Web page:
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Ohio health insurance exchange / marketplace

Most Ohio insurers requested rate increases < 10%; uninsured rate down 56% since 2013; effectuated exchange enrollment at 188k

  • By
  • contributor
  • September 9, 2015

2016 rates

Just three carriers in Ohio’s exchange (out of 14 total) have proposed rate increases of ten percent or more for 2016.  Only double-digit rate increase requests are published on’s rate review tool, and none of the rates have been approved yet.  Aetna has proposed an average rate increase of 13.2 percent, HealthSpan has proposed an average 17.5 percent rate increase, and MedMutual has proposed an average rate increase of 14.5 percent.  The rest of the plans listed on’s rate review site are for small group and off-exchange products.

At ACAsignups, Charles Gaba has done considerable work to estimate the proposed weighted average rate increase for Ohio (including both on and off-exchange plans), and the likely scenario is about 9.4 percent, although it could range from 7.2 percent to 11.5 percent.

Those are the proposed rates; regulators in Ohio are still reviewing them, and final rates will be published in advance of open enrollment, which starts on November 1.  It will be important – as always – for insureds to shop around during open enrollment, as premium changes can result in new plans taking over the “benchmark” spot, and new subsidy amounts.

2015 enrollment

234,341 people enrolled in private plans through the Ohio exchange during the 2015 open enrollment period (through February 22, including the week-long extension).  47 percent are new to the exchange for 2015, and 84 percent are receiving premium subsidies.  HHS had predicted 200,000 enrollees in the Ohio exchange, so the state ended up well above their target.

But enrollments aren’t the same as effectuated enrollments, since some people never pay their initial premiums and others opt to cancel their coverage for one reason or another.  And has stepped up their enforcement of immigration and/or financial data discrepancies, which means that there’s more real-time adjustment of enrollment totals based on missing enrollment data.  By the end of March, effectuated enrollment in private plans through the Ohio exchange stood at 188,867 people.  That number dropped slightly during the second quarter, with effectuated enrollments totaling 188,223 by June 30.  Outside of open enrollment, attrition can generally be expected to outpace new enrollments, which require a qualifying event.  But the drop in effectuated enrollments in Ohio was only about six hundred people during the second quarter of the year – about 0.3 percent of the total.

Ohio expanded Medicaid under the ACA, and an additional 79,963 exchange enrollees qualified for Medicaid or CHIP between November 15 and February 22.  Medicaid/CHIP enrollment continues year-round, and since Medicaid was expanded in January 2014, total Medicaid/CHIP enrollment in Ohio has grown by 647,210 people.  This includes people who were newly-eligible under the expanded guidelines, as well as people who were previously eligible but didn’t enroll prior to 2014.  It also includes people who enrolled through as well as those who enrolled directly through Ohio Medicaid.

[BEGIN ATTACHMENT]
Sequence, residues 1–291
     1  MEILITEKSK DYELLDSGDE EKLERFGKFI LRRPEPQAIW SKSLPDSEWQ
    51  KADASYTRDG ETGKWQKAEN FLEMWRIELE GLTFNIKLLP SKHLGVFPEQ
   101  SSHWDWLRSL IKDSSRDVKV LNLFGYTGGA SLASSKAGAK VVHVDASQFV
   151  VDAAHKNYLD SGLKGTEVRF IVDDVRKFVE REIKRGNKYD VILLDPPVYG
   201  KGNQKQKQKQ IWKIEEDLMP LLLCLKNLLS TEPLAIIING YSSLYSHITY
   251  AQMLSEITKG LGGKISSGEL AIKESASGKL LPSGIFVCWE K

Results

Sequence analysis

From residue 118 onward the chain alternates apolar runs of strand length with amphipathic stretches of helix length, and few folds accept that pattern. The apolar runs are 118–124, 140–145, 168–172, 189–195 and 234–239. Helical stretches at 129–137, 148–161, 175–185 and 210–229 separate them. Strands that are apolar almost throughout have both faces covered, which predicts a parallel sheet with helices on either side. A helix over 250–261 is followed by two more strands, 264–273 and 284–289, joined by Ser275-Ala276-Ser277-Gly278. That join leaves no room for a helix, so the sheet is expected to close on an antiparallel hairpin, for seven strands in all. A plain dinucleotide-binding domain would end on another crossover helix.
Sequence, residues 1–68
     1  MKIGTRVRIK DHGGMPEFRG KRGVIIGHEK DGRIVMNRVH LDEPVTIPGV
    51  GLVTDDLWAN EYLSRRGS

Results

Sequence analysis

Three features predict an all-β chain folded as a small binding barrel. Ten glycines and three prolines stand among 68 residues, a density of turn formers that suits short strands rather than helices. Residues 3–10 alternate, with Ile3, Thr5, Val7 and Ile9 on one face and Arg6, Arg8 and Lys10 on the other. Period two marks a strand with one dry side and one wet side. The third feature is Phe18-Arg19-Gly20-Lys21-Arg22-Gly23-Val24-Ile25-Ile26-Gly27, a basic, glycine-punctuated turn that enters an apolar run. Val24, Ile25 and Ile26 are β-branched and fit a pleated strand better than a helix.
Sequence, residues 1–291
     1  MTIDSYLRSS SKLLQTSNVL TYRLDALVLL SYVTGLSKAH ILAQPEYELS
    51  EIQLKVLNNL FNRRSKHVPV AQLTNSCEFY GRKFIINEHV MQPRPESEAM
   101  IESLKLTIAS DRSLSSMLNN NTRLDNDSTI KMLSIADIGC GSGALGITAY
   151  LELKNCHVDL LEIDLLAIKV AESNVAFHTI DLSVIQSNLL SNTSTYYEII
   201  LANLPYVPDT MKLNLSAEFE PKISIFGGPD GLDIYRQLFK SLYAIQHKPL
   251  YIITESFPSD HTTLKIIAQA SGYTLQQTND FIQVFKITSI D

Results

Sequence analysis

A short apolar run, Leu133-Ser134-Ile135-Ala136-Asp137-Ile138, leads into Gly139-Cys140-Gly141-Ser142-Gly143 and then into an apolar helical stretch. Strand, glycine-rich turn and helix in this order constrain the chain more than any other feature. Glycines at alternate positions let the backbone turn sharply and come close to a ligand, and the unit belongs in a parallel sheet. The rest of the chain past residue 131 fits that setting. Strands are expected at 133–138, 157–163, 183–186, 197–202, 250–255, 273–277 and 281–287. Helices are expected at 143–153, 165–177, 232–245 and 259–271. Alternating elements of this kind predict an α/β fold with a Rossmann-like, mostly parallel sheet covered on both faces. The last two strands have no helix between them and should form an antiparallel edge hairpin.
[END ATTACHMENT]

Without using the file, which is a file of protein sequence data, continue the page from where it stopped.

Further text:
Open enrollment for 2015 has ended, so for most people, 2015 coverage – on or off the exchange – can only be purchased now if they have a qualifying event (Native Americans can enroll year-round, as can anyone eligible for Medicaid/CHIP).  The next open enrollment period begins on November 1, for coverage effective January 1, 2016.

Get Covered America launched a friendly rivalry in late November 2014 between Ohio and Michigan, playing off the states’ long-standing football rivalry, and announced in the days leading up to the Ohio State v. Michigan game.  The “Calls for Coverage” challenge pitted enrollment teams in Ohio and Michigan against one another for the 2015 open enrollment period, to see which state can complete more educational calls to consumers.

Uninsured rate plummets

By early 2015, the number of uninsured Ohio residents had dropped to about 600,000, from about 1.2 million in the fall of 2013.  The uninsured rate was cut in half largely as a result of Medicaid expansion (Ohio’s program was expanded as of January 1, 2014) and the subsidies that have made individual insurance affordable for low and middle-income households.

By mid-2015, the drop in uninsured rate was even more pronounced:  According to Gallup data, 13.9 percent of Ohio’s population was uninsured in 2013, and that had fallen to 6.1 percent during the first half of 2015 – a 56 percent drop.

King v. Burwell – subsidies are safe

The Supreme Court ruled on June 25 that subsidies are legal in every state, regardless of whether the exchange is run by the state or federal government.  That means subsidies will continue to be available for 170,000 people in Ohio, and for eligible new enrollees who sign up during open enrollment or because of a qualifying event.

The Kaiser Family Foundation estimated that if subsidies had been eliminated in Ohio, people currently receiving subsidies would have seen their premiums increase an average of 190 percent.  And it’s not just people receiving subsidies who would have felt the pinch – the entire individual market in states like Ohio would have been in jeopardy.  The American Academy of Actuaries has projected rate increases of at least 35 percent market-wide in those states if subsidies are eliminated (and they could have reached 55 percent – in addition to the regular annual rate increases based on medical cost inflation).